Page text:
Criteria for Assessing Sustainable Development: Theoretical Issues and Empirical Evidence for the Case of Greece
Anastasios Xepapadeas, Dimitra Vouvaki
Sustainability criteria,Non-declining social welfare,Accounting prices,Non optimizing economy,Feedback rule,Arbitrary rule
Climate Change and Sustainable Development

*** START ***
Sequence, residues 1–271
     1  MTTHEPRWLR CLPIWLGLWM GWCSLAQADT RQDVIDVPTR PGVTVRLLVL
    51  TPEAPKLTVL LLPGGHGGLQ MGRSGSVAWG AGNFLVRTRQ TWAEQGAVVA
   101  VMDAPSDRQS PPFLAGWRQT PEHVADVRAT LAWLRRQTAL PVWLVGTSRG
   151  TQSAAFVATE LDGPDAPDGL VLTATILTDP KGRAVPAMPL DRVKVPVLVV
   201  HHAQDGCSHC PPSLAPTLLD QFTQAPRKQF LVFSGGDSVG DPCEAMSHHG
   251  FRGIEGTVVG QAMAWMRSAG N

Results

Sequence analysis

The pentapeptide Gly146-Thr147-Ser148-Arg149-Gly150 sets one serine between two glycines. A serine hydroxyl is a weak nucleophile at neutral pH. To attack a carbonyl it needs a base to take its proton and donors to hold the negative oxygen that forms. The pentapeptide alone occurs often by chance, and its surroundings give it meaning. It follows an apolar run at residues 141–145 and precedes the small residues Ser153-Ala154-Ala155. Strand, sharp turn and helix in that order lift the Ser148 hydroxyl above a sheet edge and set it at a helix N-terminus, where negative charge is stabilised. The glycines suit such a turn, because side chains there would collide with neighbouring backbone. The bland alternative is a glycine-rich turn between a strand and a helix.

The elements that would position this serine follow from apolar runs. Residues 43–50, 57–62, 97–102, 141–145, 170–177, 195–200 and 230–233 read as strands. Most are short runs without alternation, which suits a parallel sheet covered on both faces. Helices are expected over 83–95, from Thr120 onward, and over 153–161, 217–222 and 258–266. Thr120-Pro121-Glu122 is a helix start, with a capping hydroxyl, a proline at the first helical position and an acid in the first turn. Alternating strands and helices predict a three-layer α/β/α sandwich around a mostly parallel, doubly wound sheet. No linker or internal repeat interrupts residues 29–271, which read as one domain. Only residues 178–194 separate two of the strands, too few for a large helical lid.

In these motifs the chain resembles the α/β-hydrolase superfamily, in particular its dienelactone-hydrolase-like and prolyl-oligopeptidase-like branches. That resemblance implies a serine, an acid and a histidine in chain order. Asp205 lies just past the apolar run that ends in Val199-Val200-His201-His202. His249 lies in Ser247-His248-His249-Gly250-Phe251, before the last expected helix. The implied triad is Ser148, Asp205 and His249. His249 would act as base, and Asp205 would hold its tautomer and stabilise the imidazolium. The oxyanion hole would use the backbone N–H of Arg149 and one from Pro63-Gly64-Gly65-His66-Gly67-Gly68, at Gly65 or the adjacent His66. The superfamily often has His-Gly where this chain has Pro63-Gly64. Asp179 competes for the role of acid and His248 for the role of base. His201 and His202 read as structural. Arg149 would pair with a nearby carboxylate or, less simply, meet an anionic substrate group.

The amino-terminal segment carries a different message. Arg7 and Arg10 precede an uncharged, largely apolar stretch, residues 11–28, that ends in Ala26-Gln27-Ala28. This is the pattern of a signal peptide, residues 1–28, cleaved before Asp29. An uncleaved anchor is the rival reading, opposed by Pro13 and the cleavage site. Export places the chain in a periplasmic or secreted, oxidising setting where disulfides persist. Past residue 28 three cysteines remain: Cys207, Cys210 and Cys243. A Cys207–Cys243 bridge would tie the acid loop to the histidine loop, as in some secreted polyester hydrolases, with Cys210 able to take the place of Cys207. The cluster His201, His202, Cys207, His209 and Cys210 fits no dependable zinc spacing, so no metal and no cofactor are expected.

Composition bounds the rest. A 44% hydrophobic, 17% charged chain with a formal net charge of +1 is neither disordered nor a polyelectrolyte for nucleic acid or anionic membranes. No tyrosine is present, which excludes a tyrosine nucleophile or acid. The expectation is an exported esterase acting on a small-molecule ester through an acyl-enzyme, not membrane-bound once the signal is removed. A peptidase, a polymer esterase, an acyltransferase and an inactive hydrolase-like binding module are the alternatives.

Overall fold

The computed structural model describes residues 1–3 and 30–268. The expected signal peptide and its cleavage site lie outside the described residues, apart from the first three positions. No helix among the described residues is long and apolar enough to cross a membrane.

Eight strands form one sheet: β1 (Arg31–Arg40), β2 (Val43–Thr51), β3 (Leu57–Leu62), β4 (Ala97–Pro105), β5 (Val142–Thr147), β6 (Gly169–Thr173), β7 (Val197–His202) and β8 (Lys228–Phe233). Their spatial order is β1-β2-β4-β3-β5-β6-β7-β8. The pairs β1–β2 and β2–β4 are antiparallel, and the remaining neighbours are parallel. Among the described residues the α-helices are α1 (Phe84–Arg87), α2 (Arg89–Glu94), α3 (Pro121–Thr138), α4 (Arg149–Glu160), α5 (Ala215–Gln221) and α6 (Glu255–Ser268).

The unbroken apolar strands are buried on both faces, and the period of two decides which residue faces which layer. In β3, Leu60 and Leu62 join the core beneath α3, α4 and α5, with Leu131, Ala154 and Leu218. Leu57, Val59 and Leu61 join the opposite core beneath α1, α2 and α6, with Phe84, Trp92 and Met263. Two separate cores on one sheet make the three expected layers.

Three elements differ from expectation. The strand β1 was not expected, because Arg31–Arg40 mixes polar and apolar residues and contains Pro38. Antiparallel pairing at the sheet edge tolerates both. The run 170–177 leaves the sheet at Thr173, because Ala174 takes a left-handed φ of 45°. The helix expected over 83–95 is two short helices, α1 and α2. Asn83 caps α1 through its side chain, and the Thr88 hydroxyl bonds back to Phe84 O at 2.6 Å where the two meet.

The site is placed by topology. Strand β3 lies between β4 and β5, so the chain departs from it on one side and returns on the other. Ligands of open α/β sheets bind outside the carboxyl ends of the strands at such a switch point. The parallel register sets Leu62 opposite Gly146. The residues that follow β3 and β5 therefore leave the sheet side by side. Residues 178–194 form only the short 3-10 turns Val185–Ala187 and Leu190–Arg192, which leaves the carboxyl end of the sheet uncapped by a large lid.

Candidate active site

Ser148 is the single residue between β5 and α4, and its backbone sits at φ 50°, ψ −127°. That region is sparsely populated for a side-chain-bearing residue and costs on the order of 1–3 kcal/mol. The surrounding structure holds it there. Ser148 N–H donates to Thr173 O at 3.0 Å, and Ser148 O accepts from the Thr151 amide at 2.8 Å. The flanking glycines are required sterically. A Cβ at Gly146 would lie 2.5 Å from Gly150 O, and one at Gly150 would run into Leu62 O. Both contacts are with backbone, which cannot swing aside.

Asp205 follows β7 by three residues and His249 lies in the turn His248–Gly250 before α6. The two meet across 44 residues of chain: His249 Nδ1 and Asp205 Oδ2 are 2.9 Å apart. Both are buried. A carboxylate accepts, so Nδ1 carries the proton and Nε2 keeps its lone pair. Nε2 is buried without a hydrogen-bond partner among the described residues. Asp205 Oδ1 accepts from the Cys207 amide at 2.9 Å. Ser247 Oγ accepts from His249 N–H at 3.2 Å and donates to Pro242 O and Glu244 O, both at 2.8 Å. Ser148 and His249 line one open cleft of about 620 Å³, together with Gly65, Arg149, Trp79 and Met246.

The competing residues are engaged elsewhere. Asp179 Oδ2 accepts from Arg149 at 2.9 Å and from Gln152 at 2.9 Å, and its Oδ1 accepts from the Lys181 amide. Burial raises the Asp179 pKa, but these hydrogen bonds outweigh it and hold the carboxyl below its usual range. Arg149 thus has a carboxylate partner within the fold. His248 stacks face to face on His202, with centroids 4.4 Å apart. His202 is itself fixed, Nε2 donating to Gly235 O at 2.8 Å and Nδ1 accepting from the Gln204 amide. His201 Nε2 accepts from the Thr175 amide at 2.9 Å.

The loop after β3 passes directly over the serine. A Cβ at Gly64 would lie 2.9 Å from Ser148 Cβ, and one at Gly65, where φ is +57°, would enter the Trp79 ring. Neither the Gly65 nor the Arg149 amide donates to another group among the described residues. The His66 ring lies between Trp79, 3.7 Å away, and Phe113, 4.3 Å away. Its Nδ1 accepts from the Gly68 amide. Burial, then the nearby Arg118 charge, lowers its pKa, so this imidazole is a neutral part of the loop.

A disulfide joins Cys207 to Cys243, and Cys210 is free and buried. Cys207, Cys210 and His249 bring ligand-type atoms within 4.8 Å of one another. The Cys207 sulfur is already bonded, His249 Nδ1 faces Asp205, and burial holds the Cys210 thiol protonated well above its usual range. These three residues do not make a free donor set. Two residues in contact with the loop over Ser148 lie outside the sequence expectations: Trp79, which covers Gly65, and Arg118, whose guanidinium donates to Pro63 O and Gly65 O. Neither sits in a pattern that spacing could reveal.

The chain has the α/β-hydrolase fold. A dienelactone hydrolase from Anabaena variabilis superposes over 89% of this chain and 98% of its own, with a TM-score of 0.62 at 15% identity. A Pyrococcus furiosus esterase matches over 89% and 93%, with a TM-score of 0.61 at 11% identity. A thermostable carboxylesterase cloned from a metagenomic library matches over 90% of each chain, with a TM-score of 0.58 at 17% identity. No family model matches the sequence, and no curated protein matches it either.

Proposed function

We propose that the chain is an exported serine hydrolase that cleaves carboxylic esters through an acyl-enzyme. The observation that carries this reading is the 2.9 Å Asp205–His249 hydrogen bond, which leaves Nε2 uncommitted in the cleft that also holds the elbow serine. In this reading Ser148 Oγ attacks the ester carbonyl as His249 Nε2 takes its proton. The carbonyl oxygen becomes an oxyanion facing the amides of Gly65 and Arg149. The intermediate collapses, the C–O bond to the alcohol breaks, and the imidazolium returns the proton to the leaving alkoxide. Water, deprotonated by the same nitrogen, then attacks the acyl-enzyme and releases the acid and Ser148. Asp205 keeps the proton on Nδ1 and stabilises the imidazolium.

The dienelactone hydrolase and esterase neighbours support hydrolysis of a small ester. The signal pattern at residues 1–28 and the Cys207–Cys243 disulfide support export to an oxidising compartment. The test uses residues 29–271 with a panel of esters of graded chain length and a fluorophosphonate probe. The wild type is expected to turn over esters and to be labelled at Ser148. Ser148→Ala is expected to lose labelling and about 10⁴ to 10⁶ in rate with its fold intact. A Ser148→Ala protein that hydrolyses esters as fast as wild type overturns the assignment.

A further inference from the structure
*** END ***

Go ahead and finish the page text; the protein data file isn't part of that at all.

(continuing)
We formulate two kinds of sustainability criteria by using feedback and arbitrary rules for selecting policy variables in non optimizing economies. We show that when policy variables are selected arbitrarily their accounting prices could determine sustainability in addition to the accounting prices of the economy’s assets. We use our theoretical framework to obtain estimates of sustainability conditions in real economies. Thus, the paper’s contribution consists in developing a systematic theoretical framework for determining value functions, accounting prices and sustainability criteria, under fairly general non-optimizing behavioral rules, and then showing that this framework can be used in applied work to estimate sustainability conditions. Based on our theoretical model, we examined the case of the Greek economy. When there is no binding environmental policy then migration rate, growth of capital per worker and exogenous technical change are strong positive factors for sustainability. When we introduce potential environmental damages due to sulphur dioxide (SO2) emissions, our findings indicate that these damages affect negatively the sustainability criterion.